I Learned to Love My Body… After I Sold It

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The author during her time as a sex worker.

The author during her time as a sex worker.

The first time someone called me fat, I was eight years old.

“You’re so fat,” my stepbrother said. “You don’t even think about if we’d want some of those raspberries. Just eat, eat, eat.”

This was only the first time. As I hit puberty at ten, my body began to develop, pushing breasts from my chest and hips to a width I didn’t share with the lanky, athletic girls of my small hometown, those who called me things like moose and cow. I saw myself as revolting, but the first time an adult hit on me, I was thirteen. Waiting outside the library for it to open, I could feel his eyes on my body, short and full with the change from child to adult.

“That jacket looks nice on you,” he said. “You go to school here? Maybe we can go out sometime. I’m a great study partner.” The door to the library rattled with the librarian’s key, interrupting his questions as I ran inside where I hid behind the stacks and hoped he wouldn’t find me. This was just the beginning. To my classmates, to my family, to myself? I was a fat girl, too big for the clothes in the children’s section, forced to wear bras that strapped down the flesh that stretched my skin in bright tiger’s stripes. But to adult men who saw my body, not my age? I was worth having, a curvy girl whose body could hold unknown potential. I didn’t understand what they wanted, but I knew I was afraid.

As I aged, I learned what the stares sought: to know the curve of my breast, the heft of my behind. I couldn’t see myself in terms of beauty, but men thought me a triumph, a gift from above that could only lead to pleasure. In response, I taught younger students about abstinence, refused my boyfriend any access below my waist, and only begrudgingly let him touch my breasts. I wore a “True Love Waits” ring my mother gave me and planned to keep my virginity for my husband, a person I couldn’t imagine existed. I felt the ring was an armor, a way of keeping the people who wanted my body at a distance, a visible signal that I wasn’t available.

When I left my small Oregon town for college, I moved more than two thousand miles away, to a small city in Appalachia where I was a part of an elite scholarship program. This sudden immersion into a new, adult world was jarring; I was totally unprepared and inexperienced with the drinking, drugs, and freedom that accompanied campus. I dove into the radio station as sanctuary, the cafeteria as comfort, and emerged from my first year of college without my virginity, with a drinking problem, and an extra fifty pounds that found no home on my five foot, three inch form.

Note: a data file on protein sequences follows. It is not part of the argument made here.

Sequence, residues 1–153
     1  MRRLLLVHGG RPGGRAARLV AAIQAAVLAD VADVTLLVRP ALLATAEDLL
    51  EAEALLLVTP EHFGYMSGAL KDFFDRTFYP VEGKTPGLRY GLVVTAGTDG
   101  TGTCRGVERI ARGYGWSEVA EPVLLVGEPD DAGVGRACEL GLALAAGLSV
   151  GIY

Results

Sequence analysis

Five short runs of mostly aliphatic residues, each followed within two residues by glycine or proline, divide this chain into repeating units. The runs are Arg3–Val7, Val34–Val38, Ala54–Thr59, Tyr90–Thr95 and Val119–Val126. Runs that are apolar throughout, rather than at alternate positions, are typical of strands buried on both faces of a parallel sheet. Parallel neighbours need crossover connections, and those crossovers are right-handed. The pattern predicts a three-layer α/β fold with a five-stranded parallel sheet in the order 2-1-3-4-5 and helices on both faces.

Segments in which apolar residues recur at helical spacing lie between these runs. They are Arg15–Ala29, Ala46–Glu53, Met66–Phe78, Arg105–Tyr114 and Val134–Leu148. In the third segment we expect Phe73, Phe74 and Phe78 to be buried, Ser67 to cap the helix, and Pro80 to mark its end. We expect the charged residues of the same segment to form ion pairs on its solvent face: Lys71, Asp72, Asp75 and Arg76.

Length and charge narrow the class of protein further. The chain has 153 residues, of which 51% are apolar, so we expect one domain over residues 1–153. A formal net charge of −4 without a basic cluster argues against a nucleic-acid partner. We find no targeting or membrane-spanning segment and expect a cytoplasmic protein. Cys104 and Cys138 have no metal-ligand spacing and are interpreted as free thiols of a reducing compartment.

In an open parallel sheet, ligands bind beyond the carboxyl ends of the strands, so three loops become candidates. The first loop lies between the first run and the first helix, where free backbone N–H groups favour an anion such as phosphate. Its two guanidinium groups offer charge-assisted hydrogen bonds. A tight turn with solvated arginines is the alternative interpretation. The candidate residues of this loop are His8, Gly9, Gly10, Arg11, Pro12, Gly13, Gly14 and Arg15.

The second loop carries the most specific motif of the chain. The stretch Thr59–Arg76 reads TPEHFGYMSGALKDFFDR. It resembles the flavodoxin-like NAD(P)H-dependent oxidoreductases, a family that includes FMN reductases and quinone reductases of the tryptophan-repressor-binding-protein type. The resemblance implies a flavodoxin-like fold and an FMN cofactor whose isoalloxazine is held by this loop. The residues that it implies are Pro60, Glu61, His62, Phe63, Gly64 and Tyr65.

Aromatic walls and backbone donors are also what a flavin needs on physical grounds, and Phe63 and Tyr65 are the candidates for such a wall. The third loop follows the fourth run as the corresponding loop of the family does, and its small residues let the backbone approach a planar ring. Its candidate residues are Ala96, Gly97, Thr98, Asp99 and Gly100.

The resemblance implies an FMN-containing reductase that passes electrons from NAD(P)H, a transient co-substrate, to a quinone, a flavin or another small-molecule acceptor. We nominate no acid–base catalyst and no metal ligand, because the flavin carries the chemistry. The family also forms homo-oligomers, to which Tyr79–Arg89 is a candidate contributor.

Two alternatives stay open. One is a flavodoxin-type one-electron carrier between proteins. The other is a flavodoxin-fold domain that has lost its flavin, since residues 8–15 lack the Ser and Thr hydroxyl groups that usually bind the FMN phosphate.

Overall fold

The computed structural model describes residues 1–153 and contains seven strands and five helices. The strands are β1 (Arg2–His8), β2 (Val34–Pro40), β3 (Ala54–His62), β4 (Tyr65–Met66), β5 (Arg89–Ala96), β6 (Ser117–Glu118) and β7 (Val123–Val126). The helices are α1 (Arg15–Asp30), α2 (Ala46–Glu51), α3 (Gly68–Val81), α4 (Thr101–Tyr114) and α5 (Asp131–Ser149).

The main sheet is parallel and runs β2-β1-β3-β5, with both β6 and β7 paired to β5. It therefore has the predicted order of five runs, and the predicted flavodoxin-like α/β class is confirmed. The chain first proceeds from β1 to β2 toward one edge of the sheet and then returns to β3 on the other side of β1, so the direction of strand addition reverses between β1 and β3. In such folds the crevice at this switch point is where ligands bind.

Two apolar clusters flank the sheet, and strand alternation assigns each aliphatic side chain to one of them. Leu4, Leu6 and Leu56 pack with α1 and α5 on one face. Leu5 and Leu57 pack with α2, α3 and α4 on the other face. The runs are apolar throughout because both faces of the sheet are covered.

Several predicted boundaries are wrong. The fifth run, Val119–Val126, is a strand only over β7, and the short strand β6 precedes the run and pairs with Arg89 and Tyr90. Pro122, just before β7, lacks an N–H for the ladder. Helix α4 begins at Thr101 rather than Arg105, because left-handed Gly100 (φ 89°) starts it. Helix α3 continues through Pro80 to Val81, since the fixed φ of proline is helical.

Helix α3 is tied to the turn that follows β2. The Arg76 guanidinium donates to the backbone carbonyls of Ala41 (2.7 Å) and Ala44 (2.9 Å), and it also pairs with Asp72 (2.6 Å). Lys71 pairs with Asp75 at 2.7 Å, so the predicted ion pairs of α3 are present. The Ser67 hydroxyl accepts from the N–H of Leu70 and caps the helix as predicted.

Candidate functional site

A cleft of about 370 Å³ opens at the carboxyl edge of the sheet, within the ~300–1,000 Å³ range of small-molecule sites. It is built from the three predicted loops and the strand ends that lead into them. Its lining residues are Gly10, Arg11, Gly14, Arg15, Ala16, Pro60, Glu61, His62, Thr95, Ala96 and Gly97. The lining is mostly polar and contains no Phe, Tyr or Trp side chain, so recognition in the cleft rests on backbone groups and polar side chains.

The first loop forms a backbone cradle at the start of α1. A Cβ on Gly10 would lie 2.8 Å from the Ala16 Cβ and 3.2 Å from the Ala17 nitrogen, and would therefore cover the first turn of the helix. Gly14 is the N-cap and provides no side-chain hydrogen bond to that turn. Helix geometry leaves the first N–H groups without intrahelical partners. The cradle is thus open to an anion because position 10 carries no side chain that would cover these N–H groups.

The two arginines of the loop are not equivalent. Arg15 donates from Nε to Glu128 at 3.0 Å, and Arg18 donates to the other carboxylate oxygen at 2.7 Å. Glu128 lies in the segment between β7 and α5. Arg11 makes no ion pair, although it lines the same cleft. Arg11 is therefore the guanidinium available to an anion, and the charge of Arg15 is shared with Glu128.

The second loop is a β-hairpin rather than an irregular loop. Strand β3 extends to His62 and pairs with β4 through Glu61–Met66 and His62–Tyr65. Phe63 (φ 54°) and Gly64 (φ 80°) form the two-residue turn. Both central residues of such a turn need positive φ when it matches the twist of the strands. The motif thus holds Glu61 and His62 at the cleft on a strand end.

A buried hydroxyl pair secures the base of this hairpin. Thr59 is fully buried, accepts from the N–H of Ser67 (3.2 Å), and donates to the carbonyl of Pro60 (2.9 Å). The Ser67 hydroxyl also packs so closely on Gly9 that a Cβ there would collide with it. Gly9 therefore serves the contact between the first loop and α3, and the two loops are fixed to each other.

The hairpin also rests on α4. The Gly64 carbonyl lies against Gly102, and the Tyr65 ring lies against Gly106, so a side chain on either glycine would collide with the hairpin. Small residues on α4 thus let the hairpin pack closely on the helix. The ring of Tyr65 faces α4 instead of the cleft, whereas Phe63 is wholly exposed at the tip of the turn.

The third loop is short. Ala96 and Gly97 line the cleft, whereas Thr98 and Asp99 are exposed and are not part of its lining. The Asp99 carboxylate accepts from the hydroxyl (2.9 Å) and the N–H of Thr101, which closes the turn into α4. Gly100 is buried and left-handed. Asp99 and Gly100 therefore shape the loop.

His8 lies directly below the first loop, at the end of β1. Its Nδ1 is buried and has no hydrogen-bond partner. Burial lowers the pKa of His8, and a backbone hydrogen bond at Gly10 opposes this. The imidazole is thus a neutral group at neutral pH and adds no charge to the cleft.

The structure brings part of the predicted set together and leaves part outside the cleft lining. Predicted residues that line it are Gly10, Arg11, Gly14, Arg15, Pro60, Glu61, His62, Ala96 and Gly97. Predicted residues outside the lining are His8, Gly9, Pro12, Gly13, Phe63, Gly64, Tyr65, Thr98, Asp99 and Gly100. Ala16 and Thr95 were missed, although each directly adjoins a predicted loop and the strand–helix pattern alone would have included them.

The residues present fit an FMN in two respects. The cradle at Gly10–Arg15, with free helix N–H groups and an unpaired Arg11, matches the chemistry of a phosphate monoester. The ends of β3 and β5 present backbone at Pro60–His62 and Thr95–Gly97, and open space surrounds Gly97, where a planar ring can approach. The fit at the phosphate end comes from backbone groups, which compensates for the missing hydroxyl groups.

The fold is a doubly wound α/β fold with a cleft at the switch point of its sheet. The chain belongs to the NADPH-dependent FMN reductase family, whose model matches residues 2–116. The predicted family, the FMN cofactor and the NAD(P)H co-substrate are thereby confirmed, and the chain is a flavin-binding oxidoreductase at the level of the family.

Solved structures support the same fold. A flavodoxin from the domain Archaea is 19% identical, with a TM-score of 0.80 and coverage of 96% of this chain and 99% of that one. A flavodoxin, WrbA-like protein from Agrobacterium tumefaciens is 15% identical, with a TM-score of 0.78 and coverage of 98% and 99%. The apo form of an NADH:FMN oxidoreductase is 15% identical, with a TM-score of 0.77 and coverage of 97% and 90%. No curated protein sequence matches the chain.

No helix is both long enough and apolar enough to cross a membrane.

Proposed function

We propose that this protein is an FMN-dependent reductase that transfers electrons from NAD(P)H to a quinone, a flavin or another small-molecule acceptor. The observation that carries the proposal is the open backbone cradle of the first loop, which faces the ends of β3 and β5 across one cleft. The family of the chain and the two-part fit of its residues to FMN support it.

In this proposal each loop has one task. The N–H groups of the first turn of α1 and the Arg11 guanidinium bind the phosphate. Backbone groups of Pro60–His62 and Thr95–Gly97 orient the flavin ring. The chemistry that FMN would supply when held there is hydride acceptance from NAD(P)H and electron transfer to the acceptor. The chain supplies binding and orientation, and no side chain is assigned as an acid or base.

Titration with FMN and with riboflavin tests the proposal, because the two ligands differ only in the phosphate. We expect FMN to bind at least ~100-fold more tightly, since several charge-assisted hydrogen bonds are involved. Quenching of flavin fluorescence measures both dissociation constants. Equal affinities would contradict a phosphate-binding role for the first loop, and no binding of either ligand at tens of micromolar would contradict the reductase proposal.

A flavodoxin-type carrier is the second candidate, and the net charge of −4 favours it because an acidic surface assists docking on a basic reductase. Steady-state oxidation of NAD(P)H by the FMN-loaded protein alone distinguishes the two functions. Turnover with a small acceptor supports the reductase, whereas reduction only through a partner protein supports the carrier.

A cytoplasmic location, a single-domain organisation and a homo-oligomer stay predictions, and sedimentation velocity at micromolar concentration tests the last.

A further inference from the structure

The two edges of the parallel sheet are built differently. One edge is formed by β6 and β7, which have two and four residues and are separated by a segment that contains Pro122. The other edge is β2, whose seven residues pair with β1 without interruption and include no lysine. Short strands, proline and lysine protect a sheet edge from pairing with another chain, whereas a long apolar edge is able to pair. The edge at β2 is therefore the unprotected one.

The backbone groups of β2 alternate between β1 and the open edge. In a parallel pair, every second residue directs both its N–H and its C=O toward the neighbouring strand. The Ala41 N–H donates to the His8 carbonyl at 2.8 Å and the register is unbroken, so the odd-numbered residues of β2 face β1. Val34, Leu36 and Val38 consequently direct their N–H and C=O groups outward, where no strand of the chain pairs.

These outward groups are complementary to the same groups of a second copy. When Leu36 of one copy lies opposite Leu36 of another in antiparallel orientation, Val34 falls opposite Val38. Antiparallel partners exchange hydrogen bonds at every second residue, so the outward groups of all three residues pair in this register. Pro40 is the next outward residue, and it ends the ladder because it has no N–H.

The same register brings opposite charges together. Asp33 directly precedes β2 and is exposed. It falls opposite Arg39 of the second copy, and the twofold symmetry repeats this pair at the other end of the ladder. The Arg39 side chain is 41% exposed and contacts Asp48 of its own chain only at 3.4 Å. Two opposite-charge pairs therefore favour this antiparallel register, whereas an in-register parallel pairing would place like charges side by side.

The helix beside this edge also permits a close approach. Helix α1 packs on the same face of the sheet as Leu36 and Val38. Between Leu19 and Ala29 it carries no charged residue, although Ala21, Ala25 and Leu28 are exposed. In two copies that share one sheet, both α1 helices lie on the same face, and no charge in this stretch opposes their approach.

Suddenly, I was everything I hated, “True Love Waits” ring buried in a jewelry box in my closet. Why had I disposed of these beliefs so deeply influential to who I wanted to be? Simply put, to belong. My virginity had been a weight around my neck, a fact that kept me separated from my friends, labeled me different. When my older friend introduced me to a boy who was also a virgin, I thought I had found the answer. I chose to give mine to him as a way of closing the gap between myself and the women I had started to idolize. After he dumped me three weeks later, the day after he raped me while blackout drunk (coincidentally, my birthday), I started to drink and eat even more.

At my heaviest, I topped the scales at 215. It would take me three years to lose the weight, to return to my body’s comfortable size and through it, I dissolved my scholarship in a vat of vodka, smoked pot daily, and battered my body with a variety of abusive partners, men who would rape me or use me for a night or two. I was repeating what I learned from my first sexual partner over and over again. In what was supposed to be my final semester of college, I discovered that I would not graduate because of a single class missing in my transcript. In a fury informed by my constant drinking, I chose to drop out, to put distance between myself and the failures I felt I had earned through trauma and an inability to care for myself.

At the time, I was living with a woman I’ll call Julie*, an Appalachian stripper who had moved in at the beginning of my downfall. She was working at the best strip club in town when we met and convinced me to give the job a shot. I went in the week before my twenty-second birthday, only to discover the lack of coordination that kept me from dance floors in clubs should have kept me off the strip pole. In the back rooms, though, I found a rhythm during lap dances, a time when I could talk to the men who wanted my skin and convince them that three dances just wasn’t enough.


I left after less than a week, then worked minimum wage food service. Shortly after this, I met a woman named Brittany* through Julie. She was a Madame, a woman who ran a prostitution ring. As I wondered how I would find the rest of that month’s rent, Julie counted her hundreds of dollars, made in a single weekend over three calls. Eventually, she asked if I was interested in joining.

I was terrified by the thought. I knew nothing but what I had been told through the years, that whores were the worst kind of women, those without options. But… I was broke. I was counting together change for a pack of cigarettes, relying on the help of friends to get myself out of the hell I knew too well. If I could make enough money to survive, why not try?